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Could we retire the infantry frontal assault?

Posted by John Reed on

I am watching a documentary about the Battle of Okinawa. I do not understand why they keep charging into well entrenched Japanese caves.
Back off to just outside the range of their weapons and wait for them to run out of water or food. In WW II, whenever the Japanese felt they were in desperate straits, they did a banzai charge screaming and got mowed down by .30 cal machine guns.
One of the reasons we wanted it was a place for damaged B-29s to land. They started landing in the first days of the battle before it had been won. The enemy up in the hills could fire some mortars and artillery at the airstrip.
I understand the urgency of the big picture, but let the big picture guys come out and walk point. 4,000 guys killed trying to take a 50-foot high mound called Sugarloaf. The battle was the bloodiest in the Pacific, with around 50,000 Allied and 84,166–117,000 Japanese casualties. How about a little common sense? Use time against them. They need about a gallon of fresh water per day plus 1,500 or so calories. They were in caves high up in the hills. I do not know if they had fresh water wells inside the caves and tunnels. I do not know how much food they have. They were getting zero resupplies.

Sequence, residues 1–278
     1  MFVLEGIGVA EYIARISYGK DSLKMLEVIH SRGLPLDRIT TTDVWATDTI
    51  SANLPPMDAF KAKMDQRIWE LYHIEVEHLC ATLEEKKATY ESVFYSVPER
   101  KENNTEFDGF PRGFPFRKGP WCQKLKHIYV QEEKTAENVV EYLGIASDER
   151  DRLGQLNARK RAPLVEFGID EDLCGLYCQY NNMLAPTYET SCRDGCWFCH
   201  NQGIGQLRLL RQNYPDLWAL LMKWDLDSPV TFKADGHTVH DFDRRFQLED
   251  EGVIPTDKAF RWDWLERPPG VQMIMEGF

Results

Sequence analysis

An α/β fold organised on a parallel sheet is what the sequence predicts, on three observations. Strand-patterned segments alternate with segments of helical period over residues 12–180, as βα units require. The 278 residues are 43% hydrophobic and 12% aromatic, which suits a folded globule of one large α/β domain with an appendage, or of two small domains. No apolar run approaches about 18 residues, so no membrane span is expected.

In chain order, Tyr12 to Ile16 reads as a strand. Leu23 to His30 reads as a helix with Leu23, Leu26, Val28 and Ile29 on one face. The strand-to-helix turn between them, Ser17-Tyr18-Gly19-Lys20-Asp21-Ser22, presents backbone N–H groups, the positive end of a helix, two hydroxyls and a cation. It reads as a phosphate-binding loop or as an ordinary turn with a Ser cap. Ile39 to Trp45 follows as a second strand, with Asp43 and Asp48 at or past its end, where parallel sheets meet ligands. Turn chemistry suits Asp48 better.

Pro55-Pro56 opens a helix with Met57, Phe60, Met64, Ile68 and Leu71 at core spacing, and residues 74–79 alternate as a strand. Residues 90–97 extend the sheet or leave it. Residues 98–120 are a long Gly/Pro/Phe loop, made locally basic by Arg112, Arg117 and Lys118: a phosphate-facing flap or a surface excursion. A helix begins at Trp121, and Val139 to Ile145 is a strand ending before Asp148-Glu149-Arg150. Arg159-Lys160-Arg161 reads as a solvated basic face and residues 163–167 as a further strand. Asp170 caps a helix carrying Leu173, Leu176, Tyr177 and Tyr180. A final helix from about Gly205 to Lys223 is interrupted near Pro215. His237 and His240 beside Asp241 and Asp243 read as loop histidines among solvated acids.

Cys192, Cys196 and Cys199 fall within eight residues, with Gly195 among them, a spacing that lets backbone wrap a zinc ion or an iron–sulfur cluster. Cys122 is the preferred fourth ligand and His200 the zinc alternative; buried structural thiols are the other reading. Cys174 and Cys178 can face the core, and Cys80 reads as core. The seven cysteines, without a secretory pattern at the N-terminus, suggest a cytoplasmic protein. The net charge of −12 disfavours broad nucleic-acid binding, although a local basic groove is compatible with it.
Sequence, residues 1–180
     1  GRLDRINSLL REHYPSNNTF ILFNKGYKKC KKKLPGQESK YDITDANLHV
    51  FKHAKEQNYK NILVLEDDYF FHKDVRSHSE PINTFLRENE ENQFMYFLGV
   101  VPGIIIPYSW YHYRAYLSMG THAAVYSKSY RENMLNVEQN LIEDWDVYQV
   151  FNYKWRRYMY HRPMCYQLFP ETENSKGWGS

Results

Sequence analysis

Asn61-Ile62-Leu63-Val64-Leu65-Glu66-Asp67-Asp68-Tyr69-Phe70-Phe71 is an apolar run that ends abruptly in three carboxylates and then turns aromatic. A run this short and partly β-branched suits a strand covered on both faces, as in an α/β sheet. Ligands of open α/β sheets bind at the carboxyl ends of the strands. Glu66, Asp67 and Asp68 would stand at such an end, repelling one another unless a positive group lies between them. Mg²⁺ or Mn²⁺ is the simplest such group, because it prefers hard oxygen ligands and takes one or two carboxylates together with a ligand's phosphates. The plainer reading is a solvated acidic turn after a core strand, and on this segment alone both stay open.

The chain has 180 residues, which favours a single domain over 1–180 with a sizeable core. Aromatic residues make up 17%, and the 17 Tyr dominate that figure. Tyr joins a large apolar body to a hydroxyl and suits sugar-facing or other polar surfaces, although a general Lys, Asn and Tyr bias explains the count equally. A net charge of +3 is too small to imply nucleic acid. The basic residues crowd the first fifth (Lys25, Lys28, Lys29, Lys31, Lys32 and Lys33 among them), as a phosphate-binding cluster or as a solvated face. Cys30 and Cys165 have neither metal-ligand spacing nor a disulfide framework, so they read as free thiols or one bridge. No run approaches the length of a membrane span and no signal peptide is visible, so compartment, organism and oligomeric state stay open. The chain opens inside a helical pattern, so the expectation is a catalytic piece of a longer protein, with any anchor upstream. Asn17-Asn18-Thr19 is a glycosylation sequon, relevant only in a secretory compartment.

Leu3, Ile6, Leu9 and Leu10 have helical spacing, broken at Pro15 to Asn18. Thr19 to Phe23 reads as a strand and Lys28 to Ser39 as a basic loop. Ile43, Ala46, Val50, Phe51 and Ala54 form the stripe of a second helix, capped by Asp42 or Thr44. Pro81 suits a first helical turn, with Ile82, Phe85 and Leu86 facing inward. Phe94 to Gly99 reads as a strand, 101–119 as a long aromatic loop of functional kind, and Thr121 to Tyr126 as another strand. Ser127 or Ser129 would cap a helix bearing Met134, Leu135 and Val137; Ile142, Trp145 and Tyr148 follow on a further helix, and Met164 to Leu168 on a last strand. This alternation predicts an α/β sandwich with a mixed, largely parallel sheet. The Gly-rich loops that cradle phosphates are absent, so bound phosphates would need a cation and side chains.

Frontal assaults are suicidal, and very much a part of the follow-me tradition. Seem to me they should only be done when there is extreme time pressure and delay would cost more casualties than the frontal assault. It may be there has never been such a situation in all American warfare. I think frontal assaults are a too much a bad habit.
The atomic bombs shortly after Okinawa were an example of a far more sensible alternative than the infantry frontal assault.

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